So, this year, when the test was administered, I think there was already a lot of anxiety out there. And then, on top of that, Governor Cuomo here in New York decided that he wanted to make teacher evaluations more rigorous. And he was concerned that so many teachers had been rated as effective or highly effective the year earlier.

    And so he proposed that 50 percent of their evaluations be based on the student test scores. And I think that was really the moment that galvanized a lot of parents and teachers who were talking to the parents to say, wait a minute. That's not what we want the test to be used for.

    As it turned out, that proposal didn't pass, but, by then, I think there had been a lot of momentum about it. A lot of parents were concerned that these tests were being used in a way that they didn't deem appropriate.


    John Merrow, this is certainly not universal. The majority of the students are taking tests, as instructed.

    What do we know about the people who are choosing to opt out? Is there a rural-suburban split? Where do they come down politically? Who are they?


    Well, you know, that's interesting.

    They — we looked into that. You get opposition on the right, basically sort of a Tea Party, and they're upset about what they see as too much interference by government. There — on the left and the right, there's a view that there's just too much testing and test prep in the schools, which is taking out art, music, phys-ed.

    Some on the left, we found, feel that this is so anti-teacher. And you have to remember, we may be the only nation, the only one I know of, that uses test scores not to assess kids, but to assess teachers. I think we're unique in doing that.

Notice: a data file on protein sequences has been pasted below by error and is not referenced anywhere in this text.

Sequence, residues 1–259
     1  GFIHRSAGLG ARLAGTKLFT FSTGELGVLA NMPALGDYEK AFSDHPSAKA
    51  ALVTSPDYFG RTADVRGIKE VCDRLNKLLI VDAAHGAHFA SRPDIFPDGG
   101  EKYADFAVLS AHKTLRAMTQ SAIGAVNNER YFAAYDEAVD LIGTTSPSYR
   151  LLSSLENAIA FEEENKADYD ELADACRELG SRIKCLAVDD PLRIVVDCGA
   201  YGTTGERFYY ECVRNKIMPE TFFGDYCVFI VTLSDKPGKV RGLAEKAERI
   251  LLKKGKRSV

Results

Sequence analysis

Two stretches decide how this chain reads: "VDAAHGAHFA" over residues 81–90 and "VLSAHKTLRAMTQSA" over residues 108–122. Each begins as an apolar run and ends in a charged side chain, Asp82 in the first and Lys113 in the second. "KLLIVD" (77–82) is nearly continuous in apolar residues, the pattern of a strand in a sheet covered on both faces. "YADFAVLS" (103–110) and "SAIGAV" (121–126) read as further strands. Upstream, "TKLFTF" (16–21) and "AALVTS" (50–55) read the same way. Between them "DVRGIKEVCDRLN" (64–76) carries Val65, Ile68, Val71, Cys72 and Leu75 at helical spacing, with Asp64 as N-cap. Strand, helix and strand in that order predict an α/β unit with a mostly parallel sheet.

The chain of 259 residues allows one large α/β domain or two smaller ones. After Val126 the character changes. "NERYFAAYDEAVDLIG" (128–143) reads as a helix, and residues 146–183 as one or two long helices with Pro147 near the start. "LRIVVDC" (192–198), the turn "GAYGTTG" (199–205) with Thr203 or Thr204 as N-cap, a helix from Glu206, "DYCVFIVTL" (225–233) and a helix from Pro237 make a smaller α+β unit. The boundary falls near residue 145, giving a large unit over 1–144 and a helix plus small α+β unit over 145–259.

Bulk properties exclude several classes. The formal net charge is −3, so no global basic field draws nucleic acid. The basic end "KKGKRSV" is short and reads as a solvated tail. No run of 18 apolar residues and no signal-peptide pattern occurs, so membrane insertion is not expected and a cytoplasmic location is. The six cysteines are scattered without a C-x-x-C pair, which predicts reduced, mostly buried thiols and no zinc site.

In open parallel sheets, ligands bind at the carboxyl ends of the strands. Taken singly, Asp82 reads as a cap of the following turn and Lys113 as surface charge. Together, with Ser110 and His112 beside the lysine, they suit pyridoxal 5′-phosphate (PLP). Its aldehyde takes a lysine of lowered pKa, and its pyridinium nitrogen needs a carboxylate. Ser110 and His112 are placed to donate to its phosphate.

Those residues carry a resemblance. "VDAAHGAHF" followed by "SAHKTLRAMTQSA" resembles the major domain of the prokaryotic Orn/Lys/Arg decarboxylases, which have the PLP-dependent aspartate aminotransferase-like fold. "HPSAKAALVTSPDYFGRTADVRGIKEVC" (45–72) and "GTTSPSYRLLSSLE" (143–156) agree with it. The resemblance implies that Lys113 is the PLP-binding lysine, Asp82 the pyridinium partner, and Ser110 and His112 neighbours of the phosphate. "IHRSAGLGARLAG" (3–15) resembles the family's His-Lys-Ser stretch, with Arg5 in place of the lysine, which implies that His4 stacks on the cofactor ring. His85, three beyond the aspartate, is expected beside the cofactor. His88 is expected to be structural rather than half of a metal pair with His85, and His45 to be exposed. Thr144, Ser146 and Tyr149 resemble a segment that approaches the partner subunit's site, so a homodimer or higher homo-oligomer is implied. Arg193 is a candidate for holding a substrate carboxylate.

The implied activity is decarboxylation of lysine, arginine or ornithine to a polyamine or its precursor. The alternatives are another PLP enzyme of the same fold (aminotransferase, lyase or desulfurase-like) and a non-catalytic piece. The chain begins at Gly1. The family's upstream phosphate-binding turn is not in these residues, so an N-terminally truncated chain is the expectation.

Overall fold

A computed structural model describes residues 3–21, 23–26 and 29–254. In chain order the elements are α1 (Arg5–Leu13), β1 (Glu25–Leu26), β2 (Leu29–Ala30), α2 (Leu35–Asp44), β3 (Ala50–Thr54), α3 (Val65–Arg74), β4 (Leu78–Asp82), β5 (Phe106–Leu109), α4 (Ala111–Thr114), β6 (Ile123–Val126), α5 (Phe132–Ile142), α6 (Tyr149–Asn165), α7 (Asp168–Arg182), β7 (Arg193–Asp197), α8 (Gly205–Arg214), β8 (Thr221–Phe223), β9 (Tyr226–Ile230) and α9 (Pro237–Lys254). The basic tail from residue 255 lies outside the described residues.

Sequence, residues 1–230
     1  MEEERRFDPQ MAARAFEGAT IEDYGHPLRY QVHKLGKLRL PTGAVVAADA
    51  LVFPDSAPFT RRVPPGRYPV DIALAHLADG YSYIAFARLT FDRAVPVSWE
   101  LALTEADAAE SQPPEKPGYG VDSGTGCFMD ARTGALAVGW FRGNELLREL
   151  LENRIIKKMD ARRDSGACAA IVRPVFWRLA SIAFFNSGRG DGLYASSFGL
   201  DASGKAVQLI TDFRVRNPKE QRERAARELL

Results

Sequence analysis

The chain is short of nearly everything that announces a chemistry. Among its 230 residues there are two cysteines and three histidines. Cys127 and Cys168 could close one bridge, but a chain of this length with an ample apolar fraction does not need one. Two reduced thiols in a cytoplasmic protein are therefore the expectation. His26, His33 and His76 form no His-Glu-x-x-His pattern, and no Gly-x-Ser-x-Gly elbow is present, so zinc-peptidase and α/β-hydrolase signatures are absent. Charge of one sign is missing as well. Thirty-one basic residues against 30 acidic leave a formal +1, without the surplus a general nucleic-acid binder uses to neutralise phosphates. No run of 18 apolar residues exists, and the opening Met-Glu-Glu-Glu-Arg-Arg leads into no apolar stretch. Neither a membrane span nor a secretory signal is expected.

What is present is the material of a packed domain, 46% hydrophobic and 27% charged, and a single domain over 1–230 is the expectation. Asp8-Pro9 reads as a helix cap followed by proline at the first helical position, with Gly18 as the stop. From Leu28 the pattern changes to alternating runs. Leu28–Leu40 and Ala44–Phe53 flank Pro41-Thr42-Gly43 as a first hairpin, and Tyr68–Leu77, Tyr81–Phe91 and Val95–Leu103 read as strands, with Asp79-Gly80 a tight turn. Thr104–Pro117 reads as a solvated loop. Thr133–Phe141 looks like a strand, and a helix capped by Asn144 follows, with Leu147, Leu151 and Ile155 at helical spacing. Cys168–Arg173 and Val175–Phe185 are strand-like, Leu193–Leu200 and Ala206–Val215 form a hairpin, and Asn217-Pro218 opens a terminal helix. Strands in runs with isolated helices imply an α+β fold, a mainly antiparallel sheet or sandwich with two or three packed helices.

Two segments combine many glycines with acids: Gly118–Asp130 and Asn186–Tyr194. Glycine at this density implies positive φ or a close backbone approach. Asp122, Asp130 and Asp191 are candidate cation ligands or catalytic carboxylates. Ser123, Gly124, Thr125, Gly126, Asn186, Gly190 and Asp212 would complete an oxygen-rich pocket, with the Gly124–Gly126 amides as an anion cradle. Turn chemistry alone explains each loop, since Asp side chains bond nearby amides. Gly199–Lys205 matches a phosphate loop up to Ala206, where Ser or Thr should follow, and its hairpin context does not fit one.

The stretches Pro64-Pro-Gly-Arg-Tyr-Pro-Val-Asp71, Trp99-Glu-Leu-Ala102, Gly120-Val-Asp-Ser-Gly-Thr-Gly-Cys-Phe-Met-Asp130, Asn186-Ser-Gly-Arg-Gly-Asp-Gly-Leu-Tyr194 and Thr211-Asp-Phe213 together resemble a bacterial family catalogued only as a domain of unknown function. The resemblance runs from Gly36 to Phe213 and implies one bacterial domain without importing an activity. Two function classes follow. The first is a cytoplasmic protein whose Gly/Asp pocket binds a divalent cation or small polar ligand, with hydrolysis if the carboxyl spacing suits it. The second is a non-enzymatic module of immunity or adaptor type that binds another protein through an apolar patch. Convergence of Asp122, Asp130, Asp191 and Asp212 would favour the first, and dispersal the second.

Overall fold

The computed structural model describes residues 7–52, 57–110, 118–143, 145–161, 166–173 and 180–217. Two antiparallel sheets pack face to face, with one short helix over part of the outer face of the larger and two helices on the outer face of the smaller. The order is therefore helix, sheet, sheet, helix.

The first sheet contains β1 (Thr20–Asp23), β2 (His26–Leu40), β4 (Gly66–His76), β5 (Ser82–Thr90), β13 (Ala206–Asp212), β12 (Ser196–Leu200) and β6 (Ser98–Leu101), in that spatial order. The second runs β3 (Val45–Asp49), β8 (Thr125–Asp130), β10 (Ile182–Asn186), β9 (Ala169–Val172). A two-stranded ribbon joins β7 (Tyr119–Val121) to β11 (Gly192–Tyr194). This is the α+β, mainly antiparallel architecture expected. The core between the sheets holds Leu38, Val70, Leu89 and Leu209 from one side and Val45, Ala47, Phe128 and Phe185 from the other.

The center of the left and the right, there's a lot of feeling that the school curriculum has been bare-bones, just drill and, again, no art, music, and so on and so forth. And then, on the left, from the unions, they were very late to the party, as far as we could figure out, but they have come in weighing in that they're concerned that a lot of this is being used to play gotcha with teachers.

    So, it's pretty widespread. It's grassroots. It's small. Twelve million students take the PARCC or Smarter Balanced. Now, if 5 percent opt out, that creates — that triggers some restrictions, and 5 percent of 12 million is only 600,000. As you said, there are close to 150,000 in New York State alone.


    Motoko, John mentioned this, the teachers' involvement of this. How much of this is being driven by teachers, do you think?


    Well, I think the teachers — and I would say the teachers unions have been incredibly shrewd in capitalizing on this issue.

    There are a lot of issues that have been — that the teachers unions have frankly been attacked about over a number of years, including the stability of tenure, their pension packages. But this is an issue, as John mentioned, that they can kind of galvanize left and right. And so, in some ways, they're taking — they're sort of capitalizing on a movement that was already there.